Aiming to accelerate use of containerized rail usage, the Russian government wants to eliminate domestic rate disproportions and prevent partial-loaded trains, but shippers and transportation providers question the effectiveness and warn it could actually dampen conversion of freight from truck transport.
As part of this process, the Russian Ministry of Transport has put forward a proposal to eliminate domestic rate disproportions and introduce measures to prevent partial-load container trains on Russian railways.
The current Russia rate system provides discounts for loading of containers only in sets, not single containers, which often results in underutilization of container trains in Russia. Under the government's proposal, these rules will be changed in order to increase transportation efficiency.
However, the new state proposal is already being criticized by some leading Russian shippers and transport companies, which argue the ban on incomplete shipments is a senseless measure, and is destructive, given the current railway fleet shortage in Russia and high transportation rates. According to them, the majority of Russian transport operators are already trying to fully-load their transport systems, while for small shippers and unpopular routes, the new state proposal may result in cargo outflows.
Cargo container transportation by rail in Russia continues to grow. According to RZD data, in January cargo container shipments on Russian railways increased 11.3 percent on a year-over-year basis to 317,500 TEU. In 2017, cargo container shipments totaled 3.89 million TEU, an 18.9 percent increase from 2016.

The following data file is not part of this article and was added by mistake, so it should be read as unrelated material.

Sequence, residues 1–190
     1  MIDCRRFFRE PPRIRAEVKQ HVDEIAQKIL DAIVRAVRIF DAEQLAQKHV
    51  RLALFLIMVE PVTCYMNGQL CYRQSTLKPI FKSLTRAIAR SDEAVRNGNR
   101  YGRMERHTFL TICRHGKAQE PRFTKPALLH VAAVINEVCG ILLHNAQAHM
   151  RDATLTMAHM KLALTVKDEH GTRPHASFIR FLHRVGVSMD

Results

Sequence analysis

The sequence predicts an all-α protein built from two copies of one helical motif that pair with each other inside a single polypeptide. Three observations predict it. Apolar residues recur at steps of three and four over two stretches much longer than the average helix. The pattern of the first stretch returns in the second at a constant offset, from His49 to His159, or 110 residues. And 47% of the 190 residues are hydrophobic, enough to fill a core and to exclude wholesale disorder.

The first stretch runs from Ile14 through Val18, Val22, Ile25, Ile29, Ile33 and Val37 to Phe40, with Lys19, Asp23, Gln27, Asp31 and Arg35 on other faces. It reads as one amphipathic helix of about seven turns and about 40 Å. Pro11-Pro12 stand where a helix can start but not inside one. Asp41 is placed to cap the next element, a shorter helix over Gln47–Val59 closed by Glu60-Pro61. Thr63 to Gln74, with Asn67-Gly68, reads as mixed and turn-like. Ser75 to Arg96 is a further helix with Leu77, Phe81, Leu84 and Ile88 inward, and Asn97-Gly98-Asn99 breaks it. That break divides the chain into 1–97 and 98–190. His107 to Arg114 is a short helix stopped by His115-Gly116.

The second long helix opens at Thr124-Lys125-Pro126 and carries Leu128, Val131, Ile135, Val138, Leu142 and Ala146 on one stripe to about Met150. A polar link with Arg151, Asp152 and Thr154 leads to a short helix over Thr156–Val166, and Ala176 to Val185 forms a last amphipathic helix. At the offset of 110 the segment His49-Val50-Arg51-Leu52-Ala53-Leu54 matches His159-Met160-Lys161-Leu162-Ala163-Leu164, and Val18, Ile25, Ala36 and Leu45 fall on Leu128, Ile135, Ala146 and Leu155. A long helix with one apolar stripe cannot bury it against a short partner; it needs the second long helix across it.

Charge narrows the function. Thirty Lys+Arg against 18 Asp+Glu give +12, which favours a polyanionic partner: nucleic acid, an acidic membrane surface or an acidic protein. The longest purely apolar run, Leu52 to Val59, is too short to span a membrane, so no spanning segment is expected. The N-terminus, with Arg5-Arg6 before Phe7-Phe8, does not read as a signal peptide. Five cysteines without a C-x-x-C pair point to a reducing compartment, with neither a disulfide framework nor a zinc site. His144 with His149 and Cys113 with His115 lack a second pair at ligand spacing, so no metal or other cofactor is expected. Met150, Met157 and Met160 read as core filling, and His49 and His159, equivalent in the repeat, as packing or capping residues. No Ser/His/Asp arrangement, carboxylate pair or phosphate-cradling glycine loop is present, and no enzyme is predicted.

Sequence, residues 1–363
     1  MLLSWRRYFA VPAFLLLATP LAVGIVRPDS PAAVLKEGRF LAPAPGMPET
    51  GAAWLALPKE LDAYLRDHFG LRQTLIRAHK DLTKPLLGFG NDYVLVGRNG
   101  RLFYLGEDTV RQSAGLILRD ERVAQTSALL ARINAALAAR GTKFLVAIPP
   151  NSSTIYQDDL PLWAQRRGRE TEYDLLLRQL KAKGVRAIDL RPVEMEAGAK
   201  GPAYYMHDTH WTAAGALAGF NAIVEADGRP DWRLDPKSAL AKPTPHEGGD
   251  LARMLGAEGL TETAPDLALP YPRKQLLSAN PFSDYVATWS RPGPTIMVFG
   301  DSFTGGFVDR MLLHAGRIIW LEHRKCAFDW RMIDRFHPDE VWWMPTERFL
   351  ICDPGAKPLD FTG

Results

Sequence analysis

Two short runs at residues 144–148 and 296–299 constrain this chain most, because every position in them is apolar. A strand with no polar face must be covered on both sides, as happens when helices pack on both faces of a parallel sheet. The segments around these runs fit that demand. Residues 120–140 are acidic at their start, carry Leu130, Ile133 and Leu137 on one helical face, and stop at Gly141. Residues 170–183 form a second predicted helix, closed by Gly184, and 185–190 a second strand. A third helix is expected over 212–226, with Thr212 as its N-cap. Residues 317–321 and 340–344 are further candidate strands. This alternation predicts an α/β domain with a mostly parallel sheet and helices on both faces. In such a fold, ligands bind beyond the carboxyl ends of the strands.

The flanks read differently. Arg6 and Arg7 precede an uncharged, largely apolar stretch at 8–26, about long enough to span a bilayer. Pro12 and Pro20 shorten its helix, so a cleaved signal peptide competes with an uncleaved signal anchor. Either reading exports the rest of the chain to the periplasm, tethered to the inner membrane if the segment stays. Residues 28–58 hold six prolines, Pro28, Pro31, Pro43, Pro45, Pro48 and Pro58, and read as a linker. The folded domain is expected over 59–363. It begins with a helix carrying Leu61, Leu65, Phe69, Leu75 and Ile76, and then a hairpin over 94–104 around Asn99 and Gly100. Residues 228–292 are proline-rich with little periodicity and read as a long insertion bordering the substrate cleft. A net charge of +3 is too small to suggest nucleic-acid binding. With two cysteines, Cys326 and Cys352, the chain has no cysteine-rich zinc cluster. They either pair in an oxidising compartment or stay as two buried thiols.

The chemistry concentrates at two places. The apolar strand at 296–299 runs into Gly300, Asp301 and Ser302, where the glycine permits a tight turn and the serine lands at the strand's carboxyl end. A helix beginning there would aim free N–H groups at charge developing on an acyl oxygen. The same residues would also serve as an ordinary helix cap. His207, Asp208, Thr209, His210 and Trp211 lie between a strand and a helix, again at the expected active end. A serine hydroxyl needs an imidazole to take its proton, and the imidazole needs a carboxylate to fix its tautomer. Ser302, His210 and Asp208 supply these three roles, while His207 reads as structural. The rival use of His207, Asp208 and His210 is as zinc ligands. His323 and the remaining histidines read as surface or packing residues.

Furthermore, Russian analysts predict rail container shipment will continue to grow in Russia. TransContainer first deputy financial director Andrey Zhemchugov said rail container transportation growth is largely driven by the resumption of economic growth in Russia and the stability of the rail transport rate, in contrast to sea transport rates, which fluctuate.
Other factors driving rail container transport growth include a rate priced in roubles, stronger two-way Asia demand, and RZD service optimization efforts.
Analysts forecast that rail transport will continue to increase its share of the cargo container transportation market in Russia in the years ahead — a gain also triggered by its lower cost, compared with vehicle transport.
For example, the vehicle transport cost for a TEU on the Moscow-Novosibirsk route — the route, linking the European and Siberian parts of the country — is estimated to be 83,000 rubles ($1,421); the rate for a FEU is 105,000 rubles. The delivery time is seven days.
Conversely, for rail transport, the rates are $690 and $1,069, respectively. The delivery time is 11 days.
At the same time, on the Moscow-Vladivostok route — the route linking the European and Far East parts of the country — the vehicle transport cost is 119,000 rubles and 162,000 rubles per TEU and FEU, respectively. The delivery time is 14 days.
For rail transport, the rates are $1,638 and $2,414, respectively. The delivery time is 17 to 18 days.
Contact Eugene Gerden at firstname.lastname@example.org.